Supply Chain Council of European Union | Scceu.org
Procurement

Increase in FDA Recalls Prompts Concerns of Food Safety Management by Suppliers

Since the US Food and Drug Administration (FDA) resumed domestic surveillance inspections in February there has been a lot of speculation within the food and beverage industry, their Insurers, and various other stakeholders whether the return of inspectors will increase the number of recalls. At first glance, the recall numbers indicate that there is a good probability of this, however, a deeper dive into the numbers provides a slightly different story.

To understand the recall data, it is necessary to first understand the terminology and how the recalls are accounted for in FDA’s system. Data published is based on the US government’s fiscal year, which is October 1 through September 30.  Every individual product that is recalled is counted as one recall, and recalls that stem from the same incident, such as a Salmonella contamination, are linked by an event number. If we look at the recall numbers below,we can project recalls for fiscal year 2022 to have a total of 1,767 recalls if the current trend of 147 recalls per month continues. This is an increase of 72% of total products recalled year over year.

Amount of FDA Recalled Products by Fiscal Year

Source: FDA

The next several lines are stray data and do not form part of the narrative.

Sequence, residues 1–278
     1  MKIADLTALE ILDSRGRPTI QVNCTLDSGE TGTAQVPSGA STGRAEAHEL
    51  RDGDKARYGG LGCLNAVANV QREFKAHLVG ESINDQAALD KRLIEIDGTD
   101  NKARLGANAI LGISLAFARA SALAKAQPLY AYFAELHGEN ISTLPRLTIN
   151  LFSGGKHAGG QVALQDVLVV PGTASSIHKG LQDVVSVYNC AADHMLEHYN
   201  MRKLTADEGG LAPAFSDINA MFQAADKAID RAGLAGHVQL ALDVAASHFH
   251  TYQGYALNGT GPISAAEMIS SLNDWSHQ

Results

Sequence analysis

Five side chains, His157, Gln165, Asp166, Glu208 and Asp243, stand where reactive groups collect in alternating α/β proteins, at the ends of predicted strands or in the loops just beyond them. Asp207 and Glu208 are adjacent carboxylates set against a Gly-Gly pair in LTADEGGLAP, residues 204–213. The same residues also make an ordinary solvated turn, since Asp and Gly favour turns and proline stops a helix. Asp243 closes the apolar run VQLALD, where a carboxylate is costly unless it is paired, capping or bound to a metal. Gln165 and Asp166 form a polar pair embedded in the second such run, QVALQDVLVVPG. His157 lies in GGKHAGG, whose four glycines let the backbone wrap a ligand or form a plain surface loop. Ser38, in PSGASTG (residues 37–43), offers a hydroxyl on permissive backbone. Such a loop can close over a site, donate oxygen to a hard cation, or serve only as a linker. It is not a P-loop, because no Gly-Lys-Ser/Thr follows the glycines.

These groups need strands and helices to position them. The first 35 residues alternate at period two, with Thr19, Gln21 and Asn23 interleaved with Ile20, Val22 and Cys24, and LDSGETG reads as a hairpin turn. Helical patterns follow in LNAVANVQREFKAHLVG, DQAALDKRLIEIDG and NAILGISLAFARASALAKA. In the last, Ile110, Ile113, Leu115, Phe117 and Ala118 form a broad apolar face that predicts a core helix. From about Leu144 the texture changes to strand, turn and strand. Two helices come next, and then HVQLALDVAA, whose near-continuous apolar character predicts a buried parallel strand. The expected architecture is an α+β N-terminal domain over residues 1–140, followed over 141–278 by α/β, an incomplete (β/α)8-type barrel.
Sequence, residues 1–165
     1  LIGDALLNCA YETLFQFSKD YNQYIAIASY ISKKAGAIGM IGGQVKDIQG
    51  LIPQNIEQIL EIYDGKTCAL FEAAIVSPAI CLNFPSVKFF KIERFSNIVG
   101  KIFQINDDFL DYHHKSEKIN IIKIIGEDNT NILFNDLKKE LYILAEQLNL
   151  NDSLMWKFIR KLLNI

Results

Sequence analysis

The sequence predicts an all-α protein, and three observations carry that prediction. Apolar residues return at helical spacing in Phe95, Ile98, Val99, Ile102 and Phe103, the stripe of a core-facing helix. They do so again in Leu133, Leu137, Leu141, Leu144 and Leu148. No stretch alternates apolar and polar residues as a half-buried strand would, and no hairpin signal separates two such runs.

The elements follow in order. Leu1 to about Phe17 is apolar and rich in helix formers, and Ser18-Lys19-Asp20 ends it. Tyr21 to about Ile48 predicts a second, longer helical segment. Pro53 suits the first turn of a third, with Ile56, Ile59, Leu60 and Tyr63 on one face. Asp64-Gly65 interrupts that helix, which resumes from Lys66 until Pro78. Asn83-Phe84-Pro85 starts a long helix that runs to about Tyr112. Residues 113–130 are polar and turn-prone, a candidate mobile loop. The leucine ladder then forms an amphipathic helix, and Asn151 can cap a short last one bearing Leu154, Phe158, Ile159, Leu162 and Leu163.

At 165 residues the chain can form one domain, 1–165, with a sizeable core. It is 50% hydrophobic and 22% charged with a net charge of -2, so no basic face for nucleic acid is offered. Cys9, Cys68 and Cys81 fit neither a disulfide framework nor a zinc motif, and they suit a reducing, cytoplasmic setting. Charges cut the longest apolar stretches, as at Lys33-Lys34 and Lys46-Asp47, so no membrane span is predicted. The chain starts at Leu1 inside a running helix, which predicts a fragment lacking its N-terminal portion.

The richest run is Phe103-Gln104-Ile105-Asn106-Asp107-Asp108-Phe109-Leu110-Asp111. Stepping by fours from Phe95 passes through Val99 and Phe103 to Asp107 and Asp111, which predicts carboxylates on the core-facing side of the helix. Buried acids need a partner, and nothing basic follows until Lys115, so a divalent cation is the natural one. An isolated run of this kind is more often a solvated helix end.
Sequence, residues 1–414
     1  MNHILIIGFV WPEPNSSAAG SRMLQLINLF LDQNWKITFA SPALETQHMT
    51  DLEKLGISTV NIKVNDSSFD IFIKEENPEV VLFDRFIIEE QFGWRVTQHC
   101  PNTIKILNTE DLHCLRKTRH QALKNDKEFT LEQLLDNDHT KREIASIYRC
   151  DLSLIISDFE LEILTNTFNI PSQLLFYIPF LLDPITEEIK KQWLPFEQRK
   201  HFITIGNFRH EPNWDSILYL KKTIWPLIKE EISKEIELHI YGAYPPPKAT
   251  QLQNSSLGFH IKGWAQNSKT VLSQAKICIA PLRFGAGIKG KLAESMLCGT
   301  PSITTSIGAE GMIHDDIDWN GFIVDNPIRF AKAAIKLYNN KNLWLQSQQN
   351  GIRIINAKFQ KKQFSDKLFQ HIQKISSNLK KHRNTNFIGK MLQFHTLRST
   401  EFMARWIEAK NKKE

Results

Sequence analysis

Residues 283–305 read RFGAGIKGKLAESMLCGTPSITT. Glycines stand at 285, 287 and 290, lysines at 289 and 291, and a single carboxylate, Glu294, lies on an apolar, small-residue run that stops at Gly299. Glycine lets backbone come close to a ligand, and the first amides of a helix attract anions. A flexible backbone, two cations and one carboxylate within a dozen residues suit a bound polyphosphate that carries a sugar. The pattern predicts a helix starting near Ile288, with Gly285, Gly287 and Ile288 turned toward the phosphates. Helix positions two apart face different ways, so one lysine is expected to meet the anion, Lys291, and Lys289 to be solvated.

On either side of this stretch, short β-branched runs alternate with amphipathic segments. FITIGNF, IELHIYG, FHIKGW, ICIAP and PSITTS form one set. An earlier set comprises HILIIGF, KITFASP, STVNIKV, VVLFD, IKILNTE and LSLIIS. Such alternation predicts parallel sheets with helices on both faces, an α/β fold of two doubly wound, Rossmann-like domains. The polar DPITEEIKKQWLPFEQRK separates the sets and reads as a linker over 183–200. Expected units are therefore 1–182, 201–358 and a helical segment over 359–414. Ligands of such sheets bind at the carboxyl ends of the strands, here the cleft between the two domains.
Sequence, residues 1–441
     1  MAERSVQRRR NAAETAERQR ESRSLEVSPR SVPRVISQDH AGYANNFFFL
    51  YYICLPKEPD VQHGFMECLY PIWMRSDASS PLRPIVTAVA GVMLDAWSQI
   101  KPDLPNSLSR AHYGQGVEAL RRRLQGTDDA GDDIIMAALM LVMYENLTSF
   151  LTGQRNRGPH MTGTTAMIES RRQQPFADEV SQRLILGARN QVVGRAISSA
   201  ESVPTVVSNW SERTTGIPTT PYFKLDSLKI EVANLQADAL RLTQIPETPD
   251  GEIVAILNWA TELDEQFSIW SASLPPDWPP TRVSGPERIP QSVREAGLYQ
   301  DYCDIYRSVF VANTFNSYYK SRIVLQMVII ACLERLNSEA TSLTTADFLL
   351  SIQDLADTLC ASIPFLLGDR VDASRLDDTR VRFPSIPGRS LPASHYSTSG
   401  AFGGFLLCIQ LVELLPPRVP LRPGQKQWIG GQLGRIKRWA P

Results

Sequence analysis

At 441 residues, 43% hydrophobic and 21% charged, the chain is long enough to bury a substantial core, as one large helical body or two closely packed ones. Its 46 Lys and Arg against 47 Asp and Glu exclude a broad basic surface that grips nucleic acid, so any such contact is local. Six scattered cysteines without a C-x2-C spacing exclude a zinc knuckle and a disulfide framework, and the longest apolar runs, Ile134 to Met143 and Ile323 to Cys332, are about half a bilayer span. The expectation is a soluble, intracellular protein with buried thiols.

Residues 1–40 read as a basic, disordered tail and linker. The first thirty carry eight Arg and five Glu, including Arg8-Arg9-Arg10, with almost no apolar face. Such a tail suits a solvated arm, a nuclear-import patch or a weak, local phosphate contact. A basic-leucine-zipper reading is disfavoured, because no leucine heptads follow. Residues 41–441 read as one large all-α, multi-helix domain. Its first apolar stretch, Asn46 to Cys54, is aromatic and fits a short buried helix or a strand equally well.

Now if we turn our attention to recall events, there have been 39 events per month this fiscal year compared to 35.5 events per month last fiscal year. The total number of projected recalls this year would be 470 events, roughly a 10% increase from last year. While we are seeing more recalls and events, the bigger takeaway is that we are seeing more recalls per event this year. 

There have been 3.75 recalled products per event this fiscal year compared to last year’s 2.4 products per event.  It’s important to note this because as more products are recalled during an event, the more likely the cost of the recall is to go up, customer irritation increases, overall disruption of operation increases, and liability costs increase for firms that supply raw materials.

FDA Recall Events by Fiscal Year

Source: FDA

While a robust food safety management system is a top priority to prevent recalls, recalls happen and must be managed properly to reduce the impact on public health, and to an organization’s brand, finance, and operations. In order to mitigate the number of recalls per event, it’s important to have good traceability systems, not just of a finished product but of the raw material used for production. If one lot from a supplier is used in multiple product lines,  contamination from that supplier would result in a large recall event. Understanding the risk profile (e.g., known hazards, potential to contains allergens, supplier and ingredient recall history) of the raw material being used, how many finished products would be impacted by an event, the downstream supply chain to the customer, and customer reaction to a recall are crucial to an organization’s efforts to reduce the impact of a recall.


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